Yet in South Africa where apartheid reigned until as recently as the mid-1990s, this was a place that, in my short time there I observed, was so lacking in bitterness and pessimistic thinking, even in the poorest of areas, that I couldn't help but think "what are we in the U.S. doing wrong?"

Perhaps it's an unfair comparison, but still... one has to be impressed with the way South Africa and Joburgers in particular have embraced their history. They are not ashamed of it. In fact they almost seem to celebrate it, proud that they found reconciliation or so it seemed to me. Now granted an outsider in town for a very limited amount of time but this is how I saw it.  

Yes, apartheid was a travesty of human relations and people died and were severely mistreated for many, many years but as Madeba instructed through his own extreme example of forgiveness, it appears to have been relegated to the past by most and almost everyone we met seemed focused on the present... a loving and more caring present and an hopeful, optimistic future.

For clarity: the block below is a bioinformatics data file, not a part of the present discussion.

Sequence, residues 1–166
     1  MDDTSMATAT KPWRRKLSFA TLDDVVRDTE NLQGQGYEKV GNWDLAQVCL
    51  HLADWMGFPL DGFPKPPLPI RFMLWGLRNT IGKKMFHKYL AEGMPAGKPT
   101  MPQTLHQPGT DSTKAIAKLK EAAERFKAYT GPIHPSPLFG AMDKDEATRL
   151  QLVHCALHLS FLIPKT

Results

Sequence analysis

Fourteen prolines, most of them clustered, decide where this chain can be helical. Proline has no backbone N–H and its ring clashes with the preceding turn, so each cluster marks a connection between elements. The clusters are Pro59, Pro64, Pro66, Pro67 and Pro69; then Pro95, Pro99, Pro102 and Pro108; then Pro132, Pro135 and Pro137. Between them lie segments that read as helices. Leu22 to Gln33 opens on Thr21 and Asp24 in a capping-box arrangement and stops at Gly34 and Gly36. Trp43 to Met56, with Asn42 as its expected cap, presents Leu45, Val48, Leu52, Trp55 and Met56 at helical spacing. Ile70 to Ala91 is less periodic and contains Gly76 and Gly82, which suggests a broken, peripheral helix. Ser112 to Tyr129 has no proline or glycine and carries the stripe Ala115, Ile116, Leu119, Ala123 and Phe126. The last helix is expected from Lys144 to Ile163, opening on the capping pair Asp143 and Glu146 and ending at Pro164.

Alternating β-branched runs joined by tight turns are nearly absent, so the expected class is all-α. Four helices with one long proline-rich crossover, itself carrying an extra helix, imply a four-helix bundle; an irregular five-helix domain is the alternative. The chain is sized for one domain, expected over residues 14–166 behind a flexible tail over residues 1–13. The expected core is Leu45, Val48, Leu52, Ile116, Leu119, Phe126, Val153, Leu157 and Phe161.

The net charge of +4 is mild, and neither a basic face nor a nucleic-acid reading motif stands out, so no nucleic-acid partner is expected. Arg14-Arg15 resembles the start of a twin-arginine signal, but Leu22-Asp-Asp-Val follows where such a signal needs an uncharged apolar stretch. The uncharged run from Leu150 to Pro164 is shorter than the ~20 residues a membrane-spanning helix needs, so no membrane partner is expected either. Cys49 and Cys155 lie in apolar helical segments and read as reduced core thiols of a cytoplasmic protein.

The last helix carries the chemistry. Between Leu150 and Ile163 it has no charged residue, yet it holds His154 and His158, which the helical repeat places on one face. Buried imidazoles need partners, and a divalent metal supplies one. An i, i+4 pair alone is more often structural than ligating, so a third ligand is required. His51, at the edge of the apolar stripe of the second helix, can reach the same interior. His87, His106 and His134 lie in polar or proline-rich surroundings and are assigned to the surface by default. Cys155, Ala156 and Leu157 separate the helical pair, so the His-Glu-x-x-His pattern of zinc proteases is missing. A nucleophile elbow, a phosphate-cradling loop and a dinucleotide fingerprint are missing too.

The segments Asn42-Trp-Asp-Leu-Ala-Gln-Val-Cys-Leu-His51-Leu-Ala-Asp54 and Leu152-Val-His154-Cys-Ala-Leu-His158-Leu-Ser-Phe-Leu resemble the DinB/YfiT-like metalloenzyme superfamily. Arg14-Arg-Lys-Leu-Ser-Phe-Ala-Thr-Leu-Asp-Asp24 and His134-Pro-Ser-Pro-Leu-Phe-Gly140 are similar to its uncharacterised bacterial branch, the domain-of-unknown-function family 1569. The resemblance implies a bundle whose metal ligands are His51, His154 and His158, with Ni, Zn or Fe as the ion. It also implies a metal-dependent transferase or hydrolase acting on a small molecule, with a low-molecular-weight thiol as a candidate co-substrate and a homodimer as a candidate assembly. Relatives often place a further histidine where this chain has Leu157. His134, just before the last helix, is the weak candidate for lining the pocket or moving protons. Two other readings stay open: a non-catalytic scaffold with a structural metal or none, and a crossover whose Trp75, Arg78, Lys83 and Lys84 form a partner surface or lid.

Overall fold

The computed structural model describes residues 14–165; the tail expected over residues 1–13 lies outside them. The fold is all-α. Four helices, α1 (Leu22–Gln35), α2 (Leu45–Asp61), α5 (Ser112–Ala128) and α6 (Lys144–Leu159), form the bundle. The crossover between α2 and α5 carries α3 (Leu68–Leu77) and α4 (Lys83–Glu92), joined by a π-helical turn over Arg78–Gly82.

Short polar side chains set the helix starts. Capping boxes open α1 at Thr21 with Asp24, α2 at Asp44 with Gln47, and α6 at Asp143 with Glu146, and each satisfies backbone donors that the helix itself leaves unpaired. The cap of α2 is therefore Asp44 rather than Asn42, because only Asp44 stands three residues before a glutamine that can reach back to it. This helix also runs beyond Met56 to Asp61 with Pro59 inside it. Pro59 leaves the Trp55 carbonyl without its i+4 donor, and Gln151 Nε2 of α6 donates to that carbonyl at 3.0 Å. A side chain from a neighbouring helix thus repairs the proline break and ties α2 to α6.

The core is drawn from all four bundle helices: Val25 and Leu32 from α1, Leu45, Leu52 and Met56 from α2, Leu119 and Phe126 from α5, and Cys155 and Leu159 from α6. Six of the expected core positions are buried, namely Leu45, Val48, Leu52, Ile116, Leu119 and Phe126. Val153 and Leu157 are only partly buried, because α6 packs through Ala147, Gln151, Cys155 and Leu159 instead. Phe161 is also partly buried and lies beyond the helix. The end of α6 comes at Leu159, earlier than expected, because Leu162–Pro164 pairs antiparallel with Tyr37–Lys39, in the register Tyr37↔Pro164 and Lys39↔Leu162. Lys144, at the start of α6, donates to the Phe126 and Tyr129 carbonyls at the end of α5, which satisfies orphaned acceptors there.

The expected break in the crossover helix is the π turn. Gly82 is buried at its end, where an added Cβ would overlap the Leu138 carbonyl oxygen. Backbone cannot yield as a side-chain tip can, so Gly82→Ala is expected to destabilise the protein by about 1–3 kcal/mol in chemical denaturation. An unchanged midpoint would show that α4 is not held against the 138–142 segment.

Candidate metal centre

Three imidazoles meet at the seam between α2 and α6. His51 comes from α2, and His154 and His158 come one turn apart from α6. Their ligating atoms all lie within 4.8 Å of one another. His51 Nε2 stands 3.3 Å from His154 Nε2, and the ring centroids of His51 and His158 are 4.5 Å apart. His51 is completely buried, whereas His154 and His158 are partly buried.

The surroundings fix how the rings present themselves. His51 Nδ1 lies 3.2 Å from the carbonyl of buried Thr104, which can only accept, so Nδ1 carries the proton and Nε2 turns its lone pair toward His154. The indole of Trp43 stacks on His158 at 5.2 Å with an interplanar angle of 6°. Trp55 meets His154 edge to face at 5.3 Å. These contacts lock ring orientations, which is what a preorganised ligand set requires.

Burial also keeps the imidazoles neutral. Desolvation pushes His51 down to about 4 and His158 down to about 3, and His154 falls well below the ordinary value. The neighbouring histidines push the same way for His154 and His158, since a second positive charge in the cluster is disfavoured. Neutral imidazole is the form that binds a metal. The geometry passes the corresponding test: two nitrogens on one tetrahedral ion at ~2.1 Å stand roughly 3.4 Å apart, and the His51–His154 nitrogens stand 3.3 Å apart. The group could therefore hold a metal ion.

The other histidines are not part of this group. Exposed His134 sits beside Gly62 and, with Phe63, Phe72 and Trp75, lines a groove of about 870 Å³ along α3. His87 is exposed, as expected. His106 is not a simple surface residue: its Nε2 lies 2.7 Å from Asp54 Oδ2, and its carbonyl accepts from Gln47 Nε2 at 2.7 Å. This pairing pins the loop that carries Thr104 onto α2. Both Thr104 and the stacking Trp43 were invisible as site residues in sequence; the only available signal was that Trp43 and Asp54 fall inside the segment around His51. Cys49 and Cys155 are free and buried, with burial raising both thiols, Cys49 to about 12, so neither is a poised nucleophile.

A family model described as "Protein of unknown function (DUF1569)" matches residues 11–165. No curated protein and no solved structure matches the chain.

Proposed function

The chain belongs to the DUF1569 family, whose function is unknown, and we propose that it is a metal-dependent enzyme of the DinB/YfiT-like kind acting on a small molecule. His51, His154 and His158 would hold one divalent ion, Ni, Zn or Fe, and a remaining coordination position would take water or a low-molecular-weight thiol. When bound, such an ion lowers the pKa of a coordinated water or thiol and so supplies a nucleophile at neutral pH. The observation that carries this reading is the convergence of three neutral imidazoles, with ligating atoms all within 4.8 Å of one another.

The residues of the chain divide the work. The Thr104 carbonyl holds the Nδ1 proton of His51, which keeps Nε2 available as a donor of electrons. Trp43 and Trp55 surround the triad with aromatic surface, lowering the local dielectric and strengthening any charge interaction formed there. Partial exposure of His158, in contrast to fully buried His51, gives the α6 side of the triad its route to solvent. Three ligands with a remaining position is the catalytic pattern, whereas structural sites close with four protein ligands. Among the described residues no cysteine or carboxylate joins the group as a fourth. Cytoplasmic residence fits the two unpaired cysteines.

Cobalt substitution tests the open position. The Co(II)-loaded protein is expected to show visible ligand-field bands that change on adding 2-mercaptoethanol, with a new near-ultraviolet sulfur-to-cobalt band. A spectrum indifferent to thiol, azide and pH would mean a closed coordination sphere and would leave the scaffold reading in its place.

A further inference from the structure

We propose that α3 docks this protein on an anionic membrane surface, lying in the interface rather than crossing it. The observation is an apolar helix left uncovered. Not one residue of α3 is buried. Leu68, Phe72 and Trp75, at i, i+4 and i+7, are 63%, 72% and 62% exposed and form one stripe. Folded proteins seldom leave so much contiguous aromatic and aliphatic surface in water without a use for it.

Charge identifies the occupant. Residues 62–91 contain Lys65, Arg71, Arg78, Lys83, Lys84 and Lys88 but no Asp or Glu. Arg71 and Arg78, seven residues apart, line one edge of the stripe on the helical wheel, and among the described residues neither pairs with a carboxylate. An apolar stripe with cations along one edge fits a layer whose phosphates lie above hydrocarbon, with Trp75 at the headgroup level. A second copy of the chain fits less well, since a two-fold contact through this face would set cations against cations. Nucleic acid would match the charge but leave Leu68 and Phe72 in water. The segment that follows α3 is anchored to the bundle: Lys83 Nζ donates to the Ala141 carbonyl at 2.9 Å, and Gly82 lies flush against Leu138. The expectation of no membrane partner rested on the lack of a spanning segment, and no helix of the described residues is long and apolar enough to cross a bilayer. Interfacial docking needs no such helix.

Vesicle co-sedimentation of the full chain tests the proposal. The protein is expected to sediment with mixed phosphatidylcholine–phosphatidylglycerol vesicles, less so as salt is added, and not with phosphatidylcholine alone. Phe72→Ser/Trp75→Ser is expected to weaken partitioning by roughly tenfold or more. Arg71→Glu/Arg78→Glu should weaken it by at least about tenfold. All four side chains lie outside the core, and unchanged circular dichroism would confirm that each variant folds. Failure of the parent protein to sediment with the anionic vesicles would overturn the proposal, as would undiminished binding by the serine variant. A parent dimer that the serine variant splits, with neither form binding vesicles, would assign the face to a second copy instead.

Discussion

Of course there are problems (we witnessed 3 car accidents in our short time there). Of course there is inequality (we stayed at some extremely nice hotels courtesy of our pals at Joburg Tourism and yes, I enjoyed it while the Townships we visited are super raw). Yes, there is a massive difference between the wants and needs of the wealthy vs. the everyday folks living in the townships but there is no way it could be described as a hotbed of danger, divisiveness and crime as I'd allowed myself to subconsciously believe through erroneous reports.  

Johannesburg is lovely. It's big, traffic is tough sometimes and it's spread out, but it's a place I'd gladly return.

But even if it were a hellhole, I'd still go back to be with the people. Because I cannot emphasize this enough, it's the PEOPLE who put the heart into a place and it’s the people of Johannesburg I will always remember.